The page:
#include "mex.h"
#include <string.h> // strcmp

void mexFunction (int nlhs, mxArray *plhs[],
                  int nrhs, const mxArray *prhs[])
  // helpers
  double* double_ptr;
  unsigned int i; // loop variable
  // to be read variables
  bool optimal;
  int randomseed;
  unsigned int desiredNodes;

  if (!mxIsStruct(prhs[0])) {
    mexErrMsgTxt("First argument has to be a parameter struct!");
  for (i=0; i<mxGetNumberOfFields(prhs[0]); i++) {
    if (0==strcmp(mxGetFieldNameByNumber(prhs[0],i),"randomseed")) {
      mxArray *p = mxGetFieldByNumber(prhs[0],0,i);
      randomseed = *mxGetPr(p);
    if (0==strcmp(mxGetFieldNameByNumber(prhs[0],i),"optimal")) {
      mxArray *p = mxGetFieldByNumber(prhs[0],0,i);
      optimal = (bool)*mxGetPr(p);
    if (0==strcmp(mxGetFieldNameByNumber(prhs[0],i),"numNodes")) {
      mxArray *p = mxGetFieldByNumber(prhs[0],0,i);
      desiredNodes = *mxGetPr(p);

The loop over i runs over every field in the given struct, while the if(0==strcmp)-parts compare the matlab field's name to the given string. If it is a match, the corresponding value is extracted to a C variable.

# Pass a 3D matrix from MATLAB to C

In this example we illustrate how to take a double real-type 3D matrix from MATLAB, and pass it to a C double* array.

The main objectives of this example are showing how to obtain data from MATLAB MEX arrays and to highlight some small details in matrix storage and handling.

# matrixIn.cpp

#include "mex.h"

void mexFunction(int  nlhs , mxArray *plhs[],
        int nrhs, mxArray const *prhs[]){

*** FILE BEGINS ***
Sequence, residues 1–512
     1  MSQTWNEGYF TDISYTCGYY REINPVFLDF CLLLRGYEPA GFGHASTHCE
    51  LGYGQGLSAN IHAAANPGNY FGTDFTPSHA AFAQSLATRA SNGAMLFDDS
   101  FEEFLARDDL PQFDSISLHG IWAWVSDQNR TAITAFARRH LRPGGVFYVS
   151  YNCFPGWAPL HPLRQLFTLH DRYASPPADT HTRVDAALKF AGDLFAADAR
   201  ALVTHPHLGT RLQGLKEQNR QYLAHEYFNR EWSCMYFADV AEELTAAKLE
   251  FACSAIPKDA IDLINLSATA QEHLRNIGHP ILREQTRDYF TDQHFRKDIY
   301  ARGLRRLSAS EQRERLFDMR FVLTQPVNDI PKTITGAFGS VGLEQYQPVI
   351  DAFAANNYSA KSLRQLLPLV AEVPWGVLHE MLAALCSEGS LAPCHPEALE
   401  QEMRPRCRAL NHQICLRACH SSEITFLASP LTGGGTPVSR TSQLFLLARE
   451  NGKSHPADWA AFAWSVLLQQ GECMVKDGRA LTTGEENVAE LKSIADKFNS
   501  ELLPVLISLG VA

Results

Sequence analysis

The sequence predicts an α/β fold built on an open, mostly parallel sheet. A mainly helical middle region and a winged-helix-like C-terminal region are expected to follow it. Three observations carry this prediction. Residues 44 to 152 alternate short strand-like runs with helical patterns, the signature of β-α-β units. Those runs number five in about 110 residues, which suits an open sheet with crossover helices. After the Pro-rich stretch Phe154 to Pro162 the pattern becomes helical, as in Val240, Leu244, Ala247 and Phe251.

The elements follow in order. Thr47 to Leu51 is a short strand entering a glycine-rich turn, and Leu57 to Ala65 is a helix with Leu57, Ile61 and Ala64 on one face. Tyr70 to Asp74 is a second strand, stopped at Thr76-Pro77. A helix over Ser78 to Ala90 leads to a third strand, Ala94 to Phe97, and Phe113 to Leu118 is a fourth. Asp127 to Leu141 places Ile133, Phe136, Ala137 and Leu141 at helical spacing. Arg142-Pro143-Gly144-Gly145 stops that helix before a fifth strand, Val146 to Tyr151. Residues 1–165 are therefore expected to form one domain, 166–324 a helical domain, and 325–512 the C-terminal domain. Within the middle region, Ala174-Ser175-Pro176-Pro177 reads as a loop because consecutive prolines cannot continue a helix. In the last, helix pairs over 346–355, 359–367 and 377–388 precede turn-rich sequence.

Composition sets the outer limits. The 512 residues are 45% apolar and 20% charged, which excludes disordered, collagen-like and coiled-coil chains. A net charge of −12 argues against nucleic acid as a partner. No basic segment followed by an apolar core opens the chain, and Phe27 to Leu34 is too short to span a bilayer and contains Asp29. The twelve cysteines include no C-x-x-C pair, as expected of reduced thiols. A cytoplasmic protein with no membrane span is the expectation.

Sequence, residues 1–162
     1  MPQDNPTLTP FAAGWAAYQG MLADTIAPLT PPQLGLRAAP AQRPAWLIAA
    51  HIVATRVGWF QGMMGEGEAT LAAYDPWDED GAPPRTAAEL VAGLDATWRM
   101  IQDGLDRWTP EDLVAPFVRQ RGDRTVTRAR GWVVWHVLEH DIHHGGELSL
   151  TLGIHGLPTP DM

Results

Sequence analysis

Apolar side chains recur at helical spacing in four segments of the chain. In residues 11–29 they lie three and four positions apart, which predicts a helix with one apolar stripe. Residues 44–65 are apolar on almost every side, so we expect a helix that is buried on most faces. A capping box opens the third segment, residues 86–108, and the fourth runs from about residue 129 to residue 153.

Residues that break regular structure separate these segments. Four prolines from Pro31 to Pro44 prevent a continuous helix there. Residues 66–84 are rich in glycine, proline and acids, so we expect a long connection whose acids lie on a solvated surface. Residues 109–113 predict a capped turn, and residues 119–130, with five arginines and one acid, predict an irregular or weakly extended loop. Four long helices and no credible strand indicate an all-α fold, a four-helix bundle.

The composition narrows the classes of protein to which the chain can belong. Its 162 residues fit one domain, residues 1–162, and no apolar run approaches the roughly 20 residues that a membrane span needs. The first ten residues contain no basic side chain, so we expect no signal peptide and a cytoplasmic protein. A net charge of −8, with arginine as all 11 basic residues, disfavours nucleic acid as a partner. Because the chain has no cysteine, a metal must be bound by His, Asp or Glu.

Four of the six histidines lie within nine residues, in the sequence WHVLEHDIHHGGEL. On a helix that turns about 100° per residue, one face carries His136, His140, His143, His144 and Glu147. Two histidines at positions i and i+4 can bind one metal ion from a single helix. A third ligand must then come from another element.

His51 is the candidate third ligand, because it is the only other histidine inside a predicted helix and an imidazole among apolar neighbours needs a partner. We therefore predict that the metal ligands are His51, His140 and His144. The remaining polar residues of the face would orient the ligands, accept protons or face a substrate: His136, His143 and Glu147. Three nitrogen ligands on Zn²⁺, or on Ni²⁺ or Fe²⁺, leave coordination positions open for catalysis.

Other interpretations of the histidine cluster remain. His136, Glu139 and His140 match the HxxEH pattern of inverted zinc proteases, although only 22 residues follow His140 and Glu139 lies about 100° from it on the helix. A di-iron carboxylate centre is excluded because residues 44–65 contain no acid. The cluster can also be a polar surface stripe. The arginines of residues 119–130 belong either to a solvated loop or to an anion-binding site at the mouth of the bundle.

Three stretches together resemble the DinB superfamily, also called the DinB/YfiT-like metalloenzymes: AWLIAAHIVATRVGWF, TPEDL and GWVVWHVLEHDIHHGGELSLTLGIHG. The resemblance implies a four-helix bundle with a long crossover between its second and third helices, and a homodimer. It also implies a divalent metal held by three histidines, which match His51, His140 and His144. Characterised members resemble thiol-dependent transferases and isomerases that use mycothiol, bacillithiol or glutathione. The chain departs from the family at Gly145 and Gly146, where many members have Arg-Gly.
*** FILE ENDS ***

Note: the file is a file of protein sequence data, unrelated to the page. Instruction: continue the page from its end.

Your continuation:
// check amount of inputs
   if (nrhs!=1) {
        mexErrMsgIdAndTxt("matrixIn:InvalidInput", "Invalid number of inputs to MEX file.");
   // check type of input
   if( !mxIsDouble(prhs[0]) || mxIsComplex(prhs[0])){
        mexErrMsgIdAndTxt("matrixIn:InvalidType",  "Input matrix must be a double, non-complex array.");
   // extract the data
   double const * const matrixAux= static_cast<double const *>(mxGetData(prhs[0]));

   // Get matrix size
   const mwSize *sizeInputMatrix= mxGetDimensions(prhs[0]);

   // allocate array in C. Note: its 1D array, not 3D even if our input is 3D
   double*  matrixInC= (double*)malloc(sizeInputMatrix[0] *sizeInputMatrix[1] *sizeInputMatrix[2]* sizeof(double));

   // MATLAB is column major, not row major (as C). We need to reorder the numbers
   // Basically permutes dimensions   

   // NOTE: the ordering of the loops is optimized for fastest memory access! 
   // This improves the speed in about 300% 

    const int size0 = sizeInputMatrix[0]; // Const makes compiler optimization kick in
    const int size1 = sizeInputMatrix[1];
    const int size2 = sizeInputMatrix[2];
    for (int j = 0; j < size2; j++)
        int jOffset = j*size0*size1; // this saves re-computation time
        for (int k = 0; k < size0; k++)
            int kOffset = k*size1; // this saves re-computation time
            for (int i = 0; i < size1; i++)
                int iOffset = i*size0; 
                matrixInC[i + jOffset + kOffset] = matrixAux[iOffset + jOffset + k];

    // we are done!

    // Use your C matrix here

    // free memory

The relevant concepts to be aware of:

  • MATLAB matrices are all 1D in memory, no matter how many dimensions they have when used in MATLAB. This is also true for most (if not all) main matrix representation in C/C++ libraries, as allows optimization and faster execution.
  • You need to explicitly copy matrices from MATLAB to C in a loop.
  • MATLAB matrices are stored in column major order, as in Fortran, but C/C++ and most modern languages are row major. It is important to permute the input matrix , or else the data will look completely different.
  • The relevant function in this example are:

    • mxIsDouble checks if input is double type.
    • mxIsComplex checks if input is real or imaginary.
    • mxGetData returns a pointer to the real data in the input array. NULL if there is no real data.
    • mxGetDimensions returns an pointer to a mwSize array, with the size of the dimension in each index.